Moving into the South Carolina governor’s mansion means Henry McMaster would inherit the Palmetto State’s most pressing issues, among them responding to a school equity lawsuit and repairing the state’s crumbling roads and bridges.
The lieutenant governor is expected to replace Gov. Nikki Haley if she is confirmed by the U.S. Senate to be President-elect Donald Trump’s ambassador to the United Nations.
McMaster’s stances on the top issues are not as well known as Haley’s. And for now, he’s not taking questions, staying quiet since Haley’s nomination was announced on Wednesday.
Still, it’s certain he’ll face the usual decisions of what takes priority as he works with the General Assembly on how to spend money. And the demands on the state’s pocketbook seem to be particularly acute right now.
Here are, arguably, the top five most pressing things South Carolina’s next governor faces.
This year, lawmakers approved spending $430 million more in general fund dollars on education than nine years ago, before the Great Recession.
But the state is spending only slightly higher in inflation-adjusted dollars than before the Great Recession, and is educating 6 percent more students than before the recession.
Haley pushed lawmakers to spend more on education in recent years on reading coaches, technology and students in poverty. But this year, legislators failed to pass Haley’s proposal – the first of its kind in nearly two decades – to spend state money to help poor districts build and renovate schools.
For decades, districts have had to raise money locally to upgrade facilities – leaving wealthier districts with strong tax bases with a huge advantage over poorer ones.
McMaster likely will have a role in how the state responds to the Abbeville lawsuit.
State Sen. John Courson, R-Richland, who has chaired the state Senate education committee in the past, said education is the state’s No. 1 issue.
“The governor, being the chief executive officer of the state, will be engaged heavily” in education policies and spending, Courson said.
South Carolina’s roads continue to crumble.
In part, that’s because lawmakers have not increased the state’s 16.75 cent-a-gallon gas tax, the second-lowest in the nation, in nearly 30 years. That money is one of the state’s primary funding sources for repairs.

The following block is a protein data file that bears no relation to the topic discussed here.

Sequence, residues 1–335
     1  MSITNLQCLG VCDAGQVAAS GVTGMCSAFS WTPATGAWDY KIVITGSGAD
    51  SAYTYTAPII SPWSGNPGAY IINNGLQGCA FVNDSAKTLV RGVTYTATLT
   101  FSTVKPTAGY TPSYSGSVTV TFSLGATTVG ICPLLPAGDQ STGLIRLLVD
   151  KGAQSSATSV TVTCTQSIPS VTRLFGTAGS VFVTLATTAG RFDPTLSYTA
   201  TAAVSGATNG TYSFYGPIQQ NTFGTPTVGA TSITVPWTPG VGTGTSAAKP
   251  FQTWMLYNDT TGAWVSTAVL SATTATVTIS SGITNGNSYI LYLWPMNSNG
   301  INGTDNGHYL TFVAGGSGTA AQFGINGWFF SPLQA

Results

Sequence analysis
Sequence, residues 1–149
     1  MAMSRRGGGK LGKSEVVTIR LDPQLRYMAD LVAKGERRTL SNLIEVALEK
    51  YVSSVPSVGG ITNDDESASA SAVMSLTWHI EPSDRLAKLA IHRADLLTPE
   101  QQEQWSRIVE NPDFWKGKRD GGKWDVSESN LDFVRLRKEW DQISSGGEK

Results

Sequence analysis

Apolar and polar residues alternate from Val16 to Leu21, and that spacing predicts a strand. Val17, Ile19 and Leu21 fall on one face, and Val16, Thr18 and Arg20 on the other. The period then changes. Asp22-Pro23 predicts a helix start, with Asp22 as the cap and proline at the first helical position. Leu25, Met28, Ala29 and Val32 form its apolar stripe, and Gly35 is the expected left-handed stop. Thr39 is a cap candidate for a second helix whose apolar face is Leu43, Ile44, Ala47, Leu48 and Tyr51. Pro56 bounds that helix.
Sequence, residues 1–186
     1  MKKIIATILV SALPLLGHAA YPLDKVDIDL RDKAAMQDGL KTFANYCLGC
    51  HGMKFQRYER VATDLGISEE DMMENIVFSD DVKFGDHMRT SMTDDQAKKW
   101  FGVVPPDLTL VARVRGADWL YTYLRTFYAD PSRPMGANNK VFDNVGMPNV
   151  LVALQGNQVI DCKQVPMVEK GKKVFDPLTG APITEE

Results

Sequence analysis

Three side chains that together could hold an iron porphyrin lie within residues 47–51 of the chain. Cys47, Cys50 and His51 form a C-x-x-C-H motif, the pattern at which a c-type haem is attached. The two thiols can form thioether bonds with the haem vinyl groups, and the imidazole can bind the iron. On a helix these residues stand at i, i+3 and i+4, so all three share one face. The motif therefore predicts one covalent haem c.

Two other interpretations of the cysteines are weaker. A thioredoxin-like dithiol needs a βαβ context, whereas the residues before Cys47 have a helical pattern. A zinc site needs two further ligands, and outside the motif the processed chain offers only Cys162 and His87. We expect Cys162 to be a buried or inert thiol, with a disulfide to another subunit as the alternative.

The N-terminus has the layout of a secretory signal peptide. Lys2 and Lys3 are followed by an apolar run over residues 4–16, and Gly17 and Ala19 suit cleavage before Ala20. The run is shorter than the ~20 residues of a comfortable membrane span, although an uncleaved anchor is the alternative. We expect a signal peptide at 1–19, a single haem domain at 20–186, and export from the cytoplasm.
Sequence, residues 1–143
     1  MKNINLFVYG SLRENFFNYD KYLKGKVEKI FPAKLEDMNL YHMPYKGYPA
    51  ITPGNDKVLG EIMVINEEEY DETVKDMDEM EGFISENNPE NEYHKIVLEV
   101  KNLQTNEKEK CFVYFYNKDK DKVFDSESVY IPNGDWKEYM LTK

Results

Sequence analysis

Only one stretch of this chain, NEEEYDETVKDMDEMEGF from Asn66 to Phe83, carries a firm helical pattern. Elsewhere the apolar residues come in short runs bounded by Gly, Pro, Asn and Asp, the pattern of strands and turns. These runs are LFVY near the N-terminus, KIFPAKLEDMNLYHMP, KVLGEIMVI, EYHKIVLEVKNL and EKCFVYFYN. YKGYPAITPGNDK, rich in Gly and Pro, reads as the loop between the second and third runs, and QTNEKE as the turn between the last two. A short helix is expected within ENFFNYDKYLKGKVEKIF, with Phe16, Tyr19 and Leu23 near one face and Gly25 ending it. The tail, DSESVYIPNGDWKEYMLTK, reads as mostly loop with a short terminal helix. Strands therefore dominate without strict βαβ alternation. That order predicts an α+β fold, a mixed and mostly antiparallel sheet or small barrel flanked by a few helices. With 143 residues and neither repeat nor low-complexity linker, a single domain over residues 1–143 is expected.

After winning re-election in 2014, Haley endorsed a 10-cent gas tax increase only if it were paired with a much larger income tax cut. Critics of her plan argue such a tax break would raid the state’s budget and force South Carolina to cut services.
Whether McMaster would sign a proposal increasing the state’s gas tax remains to be seen. If he approved a tax hike of any kind, it could be used against him in a GOP primary, should he seek re-election.
However, road-repair advocates hope he will approve spending more money to improve the state’s roads and bridges.
“We’re very hopeful, certainly, that governor-to-be McMaster will be looking closely at the highway funding road issue that’s been before the Legislature now for a number of years,” said Bill Ross of the S.C. Alliance to Fix Our Roads.
Disasters have struck the Palmetto State two years in a row.
First, a historically heavy rainfall caused flooding across the Midlands and the coast in October 2015, killing 19 people. That flooding cost taxpayers about $150 million, including $40 million for grants to farmers whose crops were damaged.
This year, Hurricane Matthew brushed the S.C. coast, causing damage and additional flooding, particularly in Beaufort, Horry and Georgetown counties and parts of the Pee Dee.
However, lawmakers will have only about a third of the added money they had last year. That means any money spent to pay for disaster relief will quickly cut into money to pay for other expenses.
State budget writers also will grapple with how to pay for programs at state agencies and overdue maintenance at state government buildings, including on college campuses.
The Great Recession forced cuts across state government, eliminating many employees’ jobs. In addition, S.C. state workers received no pay increases during four of the past 10 budget years.
However, lawmakers in the spring passed a 3.25 percent pay raise, the largest in a decade.
That raise increased the pay of about 61,000 state employees, about 21,000 of whom work in Richland County, according to the state Department of Administration.
McMaster is from Columbia, where many state employees live, which could give him reason to support more money for state workers.
Like governments across the country, South Carolina has a pension problem, and the bulk of the Baby Boomers have yet to retire.
A joint panel of S.C. House members and senators have begun reviewing how to address the state’s roughly $20 billion in pension debt.
That estimate, by consultants for the state, is the difference between the amount the pension fund has to pay for the retirement benefits of state and local government workers, including teachers, and the amount it has promised to pay in the future to current employees and retirees.
To close that gap, lawmakers are looking at whether to spend more taxpayer money or take more money from the paychecks of current workers.
Lawmakers also could close the pension plan to new employees and require them to take part in a defined contribution plan, like a 401(k) investment plan. In the short term, that would increase the pension system’s unfunded liability because new workers would not be paying into the system. But, in the long term, it would reduce the state’s pension costs.
Whether McMaster will favor one solution over another remains to be seen.